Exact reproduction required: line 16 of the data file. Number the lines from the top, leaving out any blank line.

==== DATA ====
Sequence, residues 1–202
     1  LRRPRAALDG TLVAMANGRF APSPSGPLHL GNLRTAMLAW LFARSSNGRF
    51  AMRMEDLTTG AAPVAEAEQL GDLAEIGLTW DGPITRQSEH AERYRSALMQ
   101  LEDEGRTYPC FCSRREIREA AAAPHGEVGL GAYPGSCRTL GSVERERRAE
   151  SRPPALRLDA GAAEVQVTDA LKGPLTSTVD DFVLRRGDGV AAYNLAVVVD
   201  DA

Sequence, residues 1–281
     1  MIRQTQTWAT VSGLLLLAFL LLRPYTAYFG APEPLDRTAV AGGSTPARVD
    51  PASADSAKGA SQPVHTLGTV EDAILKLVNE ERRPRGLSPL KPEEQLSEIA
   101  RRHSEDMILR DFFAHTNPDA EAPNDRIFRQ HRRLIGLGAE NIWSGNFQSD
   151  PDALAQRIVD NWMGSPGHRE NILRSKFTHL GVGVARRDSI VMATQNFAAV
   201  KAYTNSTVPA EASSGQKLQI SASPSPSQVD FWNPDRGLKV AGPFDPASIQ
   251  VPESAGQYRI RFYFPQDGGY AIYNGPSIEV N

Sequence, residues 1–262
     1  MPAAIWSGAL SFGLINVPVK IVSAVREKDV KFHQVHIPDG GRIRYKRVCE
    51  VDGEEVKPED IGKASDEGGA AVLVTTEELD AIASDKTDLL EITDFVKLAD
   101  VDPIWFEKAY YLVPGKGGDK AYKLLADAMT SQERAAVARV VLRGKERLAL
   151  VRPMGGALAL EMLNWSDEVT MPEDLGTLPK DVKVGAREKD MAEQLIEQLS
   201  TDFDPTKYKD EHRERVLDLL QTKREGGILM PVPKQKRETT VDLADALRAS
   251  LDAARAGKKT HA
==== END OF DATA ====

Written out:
    51  VDGEEVKPED IGKASDEGGA AVLVTTEELD AIASDKTDLL EITDFVKLAD